At 4:42 p.m., we see a man (pretending to) fill potholes in the middle of the road who then hails when we are close to him. I comment that people like that will presumably wait to see an approaching car before getting to work. Then Hamisu talks about how people are their own undoing. How a brother will set robbers on a sibling whom he knows has money so he can get some of it. I say it is also a tactic used to support the kidnapping business. “People are no good,” says Hamisu. “(That is why) everywhere I go, even my wife, I no tell am. If she ask me, I will tell her I am in Sokoto. Ten minutes, she will see me. Wallahi, I’m no agree.”
Zamfara — At least twice I have asked Hamisu if the road to Gusau is safe and twice he’s assured me that it is. I guess we’ll finally find out today.
Time to clear my bank alert texts again and wear the most faded kaftan I have. God. My legs look horrible without creaming. My hands too. But especially my legs. I do hope I look unransomable enough. It’s this potbelly that may be my ruin eventually. Or my phones. Tsk.
At 12:07 p.m., we’re finally on the move. The handsome driver’s name is Awwal. And he just confirmed that the road to Gusau is okay. It’s just that you can never trust locals with assessments like that. And then I hope he doesn’t think I’m asking about potholes or traffic.
At 69 km to Gusau, we just zoomed past a FERM signpost which seemed to have a lot of holes in it. At least 50. From bullets maybe? It’s odd for iron signs to have holes, let alone that many. Only banners made of fabric need it as a windbreaker.
Even the barricades of cement and sandbags at this police checkpoint look like they’ve been subject to a heavy torrent of gunfire. It’s probably nothing. The trip has been uneventful so far. May it remain that way.
At 56 km to Gusau, we just passed an Armoured Personnel Carrier. Not something you’ll usually find as part of highway patrol? But it’s probably nothing.
At 4:44 p.m., in Gusau, I’d barely had any rest at the hotel when my colleague Abubakar and myself set out to visit the Tsunami IDP camp. Before then, I finally learnt that I was right to have been fearful about the trip between Sokoto and Gusau. Last Monday, six days ago, Abubakar was travelling between Gummi and Gusau and then, at a major bend in the road, in Maru LGA (which I passed as well earlier today) close to the mountains, about 50 bandits were sighted crossing the road on their motorcycles. Just between Friday and Saturday, 40 people were killed in Birni Magaji, Abubakar also said. No wonder he sent a message on WhatsApp at past 1 pm saying, “I am praying for your safe trip to Gusau.” He knew just how dangerous the trip was. I was naive. When we met at the hotel, he asked how the trip went. I said, “Oh, it was only about three hours long. It wasn’t that stressful.” Then he replied that it was not about the duration of the journey but the hazards on the road. Oh well, we’re here now. Thank God for journey mercies.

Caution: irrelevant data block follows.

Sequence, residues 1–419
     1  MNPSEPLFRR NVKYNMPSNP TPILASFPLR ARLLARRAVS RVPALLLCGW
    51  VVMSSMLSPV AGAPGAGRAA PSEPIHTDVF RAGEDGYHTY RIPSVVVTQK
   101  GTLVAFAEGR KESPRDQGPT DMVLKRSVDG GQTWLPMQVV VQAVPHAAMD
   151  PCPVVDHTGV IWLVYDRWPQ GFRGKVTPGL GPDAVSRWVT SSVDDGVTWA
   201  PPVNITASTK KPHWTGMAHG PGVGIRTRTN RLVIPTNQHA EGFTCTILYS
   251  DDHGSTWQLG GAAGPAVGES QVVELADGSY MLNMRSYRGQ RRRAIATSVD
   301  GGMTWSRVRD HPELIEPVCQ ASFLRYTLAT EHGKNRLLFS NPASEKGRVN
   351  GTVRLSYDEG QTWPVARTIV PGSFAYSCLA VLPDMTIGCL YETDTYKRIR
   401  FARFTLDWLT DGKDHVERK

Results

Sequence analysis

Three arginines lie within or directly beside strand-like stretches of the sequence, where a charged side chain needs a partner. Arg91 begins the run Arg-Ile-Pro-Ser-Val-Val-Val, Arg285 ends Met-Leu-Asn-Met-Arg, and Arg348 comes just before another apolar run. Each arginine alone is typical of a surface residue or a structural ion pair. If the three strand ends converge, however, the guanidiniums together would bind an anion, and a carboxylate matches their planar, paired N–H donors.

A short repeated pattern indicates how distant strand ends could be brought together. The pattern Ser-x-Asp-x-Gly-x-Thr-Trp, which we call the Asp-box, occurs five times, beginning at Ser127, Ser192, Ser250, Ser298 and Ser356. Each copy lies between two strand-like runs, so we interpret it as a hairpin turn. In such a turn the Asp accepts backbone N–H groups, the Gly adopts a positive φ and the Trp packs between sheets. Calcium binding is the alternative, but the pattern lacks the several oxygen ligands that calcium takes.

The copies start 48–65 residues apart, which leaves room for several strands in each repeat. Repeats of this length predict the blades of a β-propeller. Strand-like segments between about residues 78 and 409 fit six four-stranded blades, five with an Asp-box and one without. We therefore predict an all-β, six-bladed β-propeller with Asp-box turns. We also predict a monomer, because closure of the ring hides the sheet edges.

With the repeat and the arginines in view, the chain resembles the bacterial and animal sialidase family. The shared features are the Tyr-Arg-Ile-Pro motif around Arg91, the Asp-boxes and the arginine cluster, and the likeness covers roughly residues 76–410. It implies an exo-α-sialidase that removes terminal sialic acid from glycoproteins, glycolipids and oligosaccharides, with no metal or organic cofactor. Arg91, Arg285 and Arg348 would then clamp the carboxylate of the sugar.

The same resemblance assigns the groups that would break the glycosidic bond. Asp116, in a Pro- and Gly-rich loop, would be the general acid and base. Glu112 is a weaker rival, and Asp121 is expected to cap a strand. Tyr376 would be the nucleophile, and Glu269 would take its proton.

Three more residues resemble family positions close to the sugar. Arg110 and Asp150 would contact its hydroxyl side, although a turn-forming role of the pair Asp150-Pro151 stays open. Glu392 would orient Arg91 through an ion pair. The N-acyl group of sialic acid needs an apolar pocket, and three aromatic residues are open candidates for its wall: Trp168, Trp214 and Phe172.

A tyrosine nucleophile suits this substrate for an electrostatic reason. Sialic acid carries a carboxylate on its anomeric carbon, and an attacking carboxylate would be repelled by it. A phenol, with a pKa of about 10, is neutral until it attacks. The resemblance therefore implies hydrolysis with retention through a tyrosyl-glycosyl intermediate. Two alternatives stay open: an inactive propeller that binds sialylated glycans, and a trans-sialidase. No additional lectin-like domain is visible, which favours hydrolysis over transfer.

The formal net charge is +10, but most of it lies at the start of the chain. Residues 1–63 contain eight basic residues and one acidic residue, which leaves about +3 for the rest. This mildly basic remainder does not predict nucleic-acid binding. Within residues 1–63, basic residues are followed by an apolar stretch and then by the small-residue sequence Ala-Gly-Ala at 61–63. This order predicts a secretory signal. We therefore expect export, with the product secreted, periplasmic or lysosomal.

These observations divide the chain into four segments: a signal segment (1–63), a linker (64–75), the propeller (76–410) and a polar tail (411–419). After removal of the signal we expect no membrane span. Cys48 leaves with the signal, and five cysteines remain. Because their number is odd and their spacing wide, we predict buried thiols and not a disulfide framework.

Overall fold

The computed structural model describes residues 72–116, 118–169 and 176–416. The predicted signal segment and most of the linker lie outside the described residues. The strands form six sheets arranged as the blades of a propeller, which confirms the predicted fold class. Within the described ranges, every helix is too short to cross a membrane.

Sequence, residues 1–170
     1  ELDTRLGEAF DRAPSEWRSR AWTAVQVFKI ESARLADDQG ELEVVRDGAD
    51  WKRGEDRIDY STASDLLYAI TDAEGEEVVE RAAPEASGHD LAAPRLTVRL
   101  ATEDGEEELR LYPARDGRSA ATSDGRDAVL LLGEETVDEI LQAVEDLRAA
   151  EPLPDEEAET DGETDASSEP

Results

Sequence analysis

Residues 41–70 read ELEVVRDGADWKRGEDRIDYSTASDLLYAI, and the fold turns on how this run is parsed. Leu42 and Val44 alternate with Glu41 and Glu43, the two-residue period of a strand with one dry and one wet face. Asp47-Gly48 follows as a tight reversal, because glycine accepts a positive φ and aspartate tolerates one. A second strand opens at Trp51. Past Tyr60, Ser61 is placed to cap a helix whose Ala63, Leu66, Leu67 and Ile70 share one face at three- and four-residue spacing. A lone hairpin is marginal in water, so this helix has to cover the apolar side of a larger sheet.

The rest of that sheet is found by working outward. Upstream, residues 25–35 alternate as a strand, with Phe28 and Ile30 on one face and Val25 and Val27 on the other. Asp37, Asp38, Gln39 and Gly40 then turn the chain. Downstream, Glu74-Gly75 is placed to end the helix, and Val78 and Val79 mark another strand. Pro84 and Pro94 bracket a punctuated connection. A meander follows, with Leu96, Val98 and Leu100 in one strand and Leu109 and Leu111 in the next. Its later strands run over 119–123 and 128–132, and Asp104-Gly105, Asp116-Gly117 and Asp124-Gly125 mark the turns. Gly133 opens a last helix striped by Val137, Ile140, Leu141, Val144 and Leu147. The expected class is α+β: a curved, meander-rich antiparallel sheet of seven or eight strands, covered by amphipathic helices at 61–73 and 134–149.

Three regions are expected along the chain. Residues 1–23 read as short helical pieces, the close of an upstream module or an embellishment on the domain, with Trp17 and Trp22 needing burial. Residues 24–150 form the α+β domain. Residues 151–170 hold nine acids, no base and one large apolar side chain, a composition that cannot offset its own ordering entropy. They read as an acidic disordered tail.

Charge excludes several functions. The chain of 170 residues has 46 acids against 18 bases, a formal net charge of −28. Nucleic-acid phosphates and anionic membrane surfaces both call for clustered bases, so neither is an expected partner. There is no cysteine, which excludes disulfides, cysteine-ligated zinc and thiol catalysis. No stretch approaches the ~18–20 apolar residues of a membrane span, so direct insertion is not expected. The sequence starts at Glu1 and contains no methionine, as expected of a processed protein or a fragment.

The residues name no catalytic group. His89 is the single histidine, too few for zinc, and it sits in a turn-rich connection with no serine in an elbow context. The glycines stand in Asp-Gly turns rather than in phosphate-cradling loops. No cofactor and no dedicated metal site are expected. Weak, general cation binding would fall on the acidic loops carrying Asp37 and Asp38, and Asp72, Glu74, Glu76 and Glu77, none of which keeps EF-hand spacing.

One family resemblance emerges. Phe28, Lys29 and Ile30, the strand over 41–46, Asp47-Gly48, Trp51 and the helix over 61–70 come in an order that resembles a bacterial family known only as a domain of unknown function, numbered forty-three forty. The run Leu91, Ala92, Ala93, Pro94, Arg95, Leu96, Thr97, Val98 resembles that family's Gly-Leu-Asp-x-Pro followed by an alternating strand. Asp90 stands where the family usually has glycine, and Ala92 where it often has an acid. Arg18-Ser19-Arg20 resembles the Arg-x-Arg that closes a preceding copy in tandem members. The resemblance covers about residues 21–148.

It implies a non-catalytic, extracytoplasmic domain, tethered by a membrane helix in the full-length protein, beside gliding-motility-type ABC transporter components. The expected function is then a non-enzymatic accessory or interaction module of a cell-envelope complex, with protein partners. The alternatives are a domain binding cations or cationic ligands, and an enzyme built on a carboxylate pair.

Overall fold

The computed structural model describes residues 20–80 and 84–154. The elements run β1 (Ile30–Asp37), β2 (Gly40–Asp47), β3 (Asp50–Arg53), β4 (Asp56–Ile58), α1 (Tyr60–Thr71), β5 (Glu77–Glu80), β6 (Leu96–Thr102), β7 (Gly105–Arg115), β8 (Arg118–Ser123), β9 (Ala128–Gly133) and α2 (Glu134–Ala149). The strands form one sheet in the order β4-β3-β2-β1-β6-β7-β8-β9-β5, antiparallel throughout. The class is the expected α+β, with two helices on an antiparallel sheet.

Abubakar should be here by 8:30 am, then we proceed to Gummi about half an hour later. He explained that we couldn’t hit the road any earlier because the hours too close to sunrise are much riskier for travellers. The dynamics bear a striking semblance with those of Sokoto.
We left Gusau at 9:59 a.m. and by noon we’re still on the road (—it leads eventually to Zuru, Kebbi State). We’ve passed Jangebe and Anka and are headed for Gummi where we’ll pass the night.
At one military point we passed earlier, they had about five of these vehicles that look like advanced golf carts painted in military camouflage. They’re probably built for easy manoeuvring of the Savanah terrain and desert sand.
In Gummi, while we wait for a bike for hire, someone breaks the news that there was a serious bandit attack along the same road I travelled yesterday, the Bakura-Tureta axis. The incident took place at night though. Also, last night, there was an attack in Zurmi LGA that left several tens dead.
As people gather in some communities to discuss the latest about football or the weather or politics, it seems when people here meet, the topic of discussion often revolves around the latest attack, where, how close to home, how many were kidnapped, the number of those killed, and the actions and inaction of the security forces etc. Or they banter about how peaceful the times are.
Not being able to speak the local language handicaps the field journalist in so many ways. If the interviewees can speak some English, they will be missing a lot of details because of limitations in vocabulary. If they can’t, you will be needing someone to translate the interviews for you later and may miss essential information out of impatience or incompetence. But maybe even more importantly, you will be missing countless unrecorded nuances while on the field. The conversations of passers-by or people generally who are connected directly or somewhat to the issues at hand. Announcements on the radio. And people who hold back from speaking to you possibly because they don’t trust you enough.
I feel like a terrible person holding up a camera to record as people grieved their kinsmen and are visibly troubled about fresh/ongoing disaster. Yet it is necessary to record these moments, I think.